Another is a pharmacist in Florida, who is still here, but is under fairly consistent worry that he'll end up being deported someday, because, again, the backlog for processing permanent residency applications is terrible. To add insult to injury, certain fees and forms in the application have annual expiration dates, which are not given any leniency, despite the backlog, so if they actually review your application, you might get a terse response that certain forms have expired and you have to fill them out again...which then delays things further. He's spent well over $10,000 at this point, between the initial filing/fees and the refiling/repayment of certain fees.

This is the "anti-immigrant xenophobia" I'm talking about The way we treat our legal immigants is borderline criminal.
Criminal? Frustrating to be sure, but haven't we all experienced bureaucratic nightmares? Again, are we to blame that the demand to be an American is so high that it "crashes" the system? Or that some would abuse our benevolence to harm us?
What number of legal immigrants would you allow annually? Pick a number and you will have some that will say it's too high, we aren't assimilating those that are here and others that will tell you it's too low, our workforce and economy desperately needs these skills and workers.
Quote:
The same analogy works with the U.S. Currently, I'd say that we're a bit lacking in magic. Our response over the last few years has not been to develop anything new; it has been to approve corporate mergers. Sorry to say, I've never known a merger to do anything more than reduce competition and make a company even more conservative in its management outlook than before. It's that "conservatism" that's hurting us, in the long run. Stock prices don't mean shit, if you're not actually making anything unique.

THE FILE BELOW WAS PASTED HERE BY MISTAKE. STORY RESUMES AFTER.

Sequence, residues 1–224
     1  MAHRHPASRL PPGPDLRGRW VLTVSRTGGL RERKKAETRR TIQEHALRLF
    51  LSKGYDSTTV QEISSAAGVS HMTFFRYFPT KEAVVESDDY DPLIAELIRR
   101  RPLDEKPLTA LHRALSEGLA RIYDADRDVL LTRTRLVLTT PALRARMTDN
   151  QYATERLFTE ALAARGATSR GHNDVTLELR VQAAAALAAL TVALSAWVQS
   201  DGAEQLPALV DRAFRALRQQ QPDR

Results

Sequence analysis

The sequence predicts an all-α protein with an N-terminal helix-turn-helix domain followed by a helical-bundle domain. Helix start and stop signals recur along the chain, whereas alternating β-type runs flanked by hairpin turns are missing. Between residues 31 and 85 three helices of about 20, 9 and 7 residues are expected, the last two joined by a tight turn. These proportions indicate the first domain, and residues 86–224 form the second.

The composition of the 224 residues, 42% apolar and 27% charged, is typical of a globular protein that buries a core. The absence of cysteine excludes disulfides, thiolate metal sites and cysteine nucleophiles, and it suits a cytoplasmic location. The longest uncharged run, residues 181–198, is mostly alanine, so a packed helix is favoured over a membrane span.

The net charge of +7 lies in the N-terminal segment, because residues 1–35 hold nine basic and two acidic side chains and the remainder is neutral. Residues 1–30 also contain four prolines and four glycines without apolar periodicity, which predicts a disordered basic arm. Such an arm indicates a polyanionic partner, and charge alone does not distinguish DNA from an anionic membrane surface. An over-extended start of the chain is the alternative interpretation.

The mergers (often multinational like Daimler - Chrysler) are actually a direct response to the challenge of competing in a global economy against other huge conglomerates or state-supported institutions.
Quote:
The anti-NAFTA rhetoric is particularly funny, inasmuch as anyone paying attention would realize that NAFTA only covers Canada and Mexico. The 800-lb. gorilla in all of this is China, which NAFTA does not cover.

I think we need to be tougher in making sure that free trade is actually being done by free markets, at the very least. China is, perhaps, the shining example of how we compromise our ideals, in the name of greed. We have an authoritarian, communist nation that have few labor laws (and high accident/mortality rates, as a result), few environmental laws, and low pay, not to mention an egregious currency manipulator. In other words, not only does China have conditions that should be abhorrent to any modern democratic nation, but it doesn't even bother to adhere to basic notions of free markets.

How can we ever have "free trade" with nations that are not free?
We agree here. We should be appalled by the human rights abuses in China. The working conditions, pollution and lack of product safety. Why are we allowing the import of tainted dog food and lead contaminated toys into our country? Or the unfair monetary practices of China with it's trading partners?

We seem to have bestowed on China "Most Favored Dictatorship" status since opening up trade with them in the 70's. However, as you say, can we really afford to ignore the 800-lb market/economy that is China?